- Choice: Organizations must give individuals the opportunity to opt out of the disclosure of their personal data to third parties.
- Accountability for Onward Transfers: Organizations are accountable for applying the notice and choice principles in order to disclose personal data to third parties.
- Access: Individuals must be able to access their personal data being stored by an organization.
- Security: Organizations must protect personal data from loss, misuse, unauthorized access, and disclosure.
- Data Integrity: Organizations must ensure data is reliable and relevant for the purpose it is being used.
- Recourse, Enforcement, and Liability: Individuals have the right to affordable recourse mechanisms if they believe their personal data has been misused.
The Invalidation of Privacy Shield
Since Privacy Shield took effect in 2016, privacy rights activists in Europe have been trying to prevent companies from moving personal data to countries lacking a comprehensive data protection standard, like the U.S. Once Safe Harbour was nullified, Maximillian Schrems began to express his concerns regarding standard contractual clauses (SCCs), which are individual legal agreements used as an alternative transfer mechanism for the flow of data between the EU and a third country.
Schrems claimed that SCCs did not provide an adequate level of protection for the transfer of data, like the Safe Harbor. In 2019, Schrems filed another complaint against Facebook with the Irish Data Protection Commissioner (DPC), requesting that the transfer of personal data from Facebook Ireland to Facebook U.S. using SCCs be suspended. He argued that the current U.S. surveillance programs prevented his Facebook data from being properly protected. Instead, the Irish DPC filed a separate indictment in an attempt to suspend or invalidate the use of SCCs altogether, not just with Facebook.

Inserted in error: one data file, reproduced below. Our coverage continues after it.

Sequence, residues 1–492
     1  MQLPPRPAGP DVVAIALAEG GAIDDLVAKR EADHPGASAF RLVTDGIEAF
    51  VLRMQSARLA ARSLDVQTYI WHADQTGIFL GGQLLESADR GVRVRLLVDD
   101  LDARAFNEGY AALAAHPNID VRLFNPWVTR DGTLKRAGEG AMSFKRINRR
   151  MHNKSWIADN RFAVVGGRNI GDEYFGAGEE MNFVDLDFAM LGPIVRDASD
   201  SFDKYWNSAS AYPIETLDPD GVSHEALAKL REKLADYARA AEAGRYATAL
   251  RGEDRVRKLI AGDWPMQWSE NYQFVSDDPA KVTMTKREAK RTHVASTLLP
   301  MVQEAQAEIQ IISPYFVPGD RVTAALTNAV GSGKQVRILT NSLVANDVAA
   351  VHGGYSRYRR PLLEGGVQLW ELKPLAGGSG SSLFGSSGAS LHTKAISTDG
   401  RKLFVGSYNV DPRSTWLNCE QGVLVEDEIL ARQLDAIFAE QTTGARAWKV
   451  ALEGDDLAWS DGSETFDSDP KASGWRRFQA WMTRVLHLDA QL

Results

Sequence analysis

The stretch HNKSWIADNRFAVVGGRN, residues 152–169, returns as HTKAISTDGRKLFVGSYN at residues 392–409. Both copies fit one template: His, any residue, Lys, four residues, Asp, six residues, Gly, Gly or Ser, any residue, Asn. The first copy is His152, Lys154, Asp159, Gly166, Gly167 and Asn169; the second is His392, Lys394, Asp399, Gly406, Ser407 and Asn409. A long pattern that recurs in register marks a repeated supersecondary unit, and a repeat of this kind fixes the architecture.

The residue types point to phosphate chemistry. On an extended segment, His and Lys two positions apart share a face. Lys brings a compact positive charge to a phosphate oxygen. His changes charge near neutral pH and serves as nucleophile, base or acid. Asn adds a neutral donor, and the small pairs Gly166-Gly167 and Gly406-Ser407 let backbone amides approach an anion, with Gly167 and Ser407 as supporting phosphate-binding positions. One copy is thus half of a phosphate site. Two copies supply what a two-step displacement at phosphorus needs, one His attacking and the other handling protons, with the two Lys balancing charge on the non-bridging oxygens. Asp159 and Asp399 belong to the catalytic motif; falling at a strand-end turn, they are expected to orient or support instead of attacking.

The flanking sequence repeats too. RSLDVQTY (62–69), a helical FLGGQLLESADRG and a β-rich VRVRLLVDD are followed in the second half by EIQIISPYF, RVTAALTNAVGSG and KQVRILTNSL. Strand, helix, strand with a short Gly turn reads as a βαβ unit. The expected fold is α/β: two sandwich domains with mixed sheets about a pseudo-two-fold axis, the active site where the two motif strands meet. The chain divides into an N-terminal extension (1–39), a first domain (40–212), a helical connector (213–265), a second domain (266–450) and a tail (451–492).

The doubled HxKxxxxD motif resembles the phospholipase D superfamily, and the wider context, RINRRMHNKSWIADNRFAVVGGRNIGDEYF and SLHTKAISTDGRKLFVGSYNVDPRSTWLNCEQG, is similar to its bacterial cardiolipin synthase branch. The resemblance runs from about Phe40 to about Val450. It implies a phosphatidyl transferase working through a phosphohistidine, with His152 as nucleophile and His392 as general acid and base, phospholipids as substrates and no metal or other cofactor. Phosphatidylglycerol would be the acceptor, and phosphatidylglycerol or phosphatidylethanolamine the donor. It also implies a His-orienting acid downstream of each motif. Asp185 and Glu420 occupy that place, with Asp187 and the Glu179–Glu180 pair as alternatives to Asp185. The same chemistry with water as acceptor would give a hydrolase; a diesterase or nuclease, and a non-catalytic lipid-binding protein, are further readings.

Although this case, commonly referred to as Schrems II, challenged only SCCs, the CJEU chose to continue their use since EU privacy regulators can invalidate them on a case-by-case basis if necessary. However, the court overturned the Privacy Shield agreement as it prioritized the needs of U.S. security over the rights of EU citizens. The court found that U.S. surveillance laws kept U.S. organizations from implementing the same privacy protections as in the EU.
What Happens Now?
According to the IAPP, roughly 60% of companies relied on Privacy Shield to transfer data out of the EU, contributing to a transatlantic trade worth $7.1 trillion. The ruling to invalidate Privacy Shield affects over 5,000 companies, 65% of them small or medium-sized enterprises. While many lawmakers are already seeking to establish a successor framework that adequately protects the personal data across borders, it is unclear if or when this would become a reality.
Until that happens, here are a few steps your company can take to ensure personal data transfers continue while still complying with EU data protection requirements.
Adopt standard contractual clauses with caution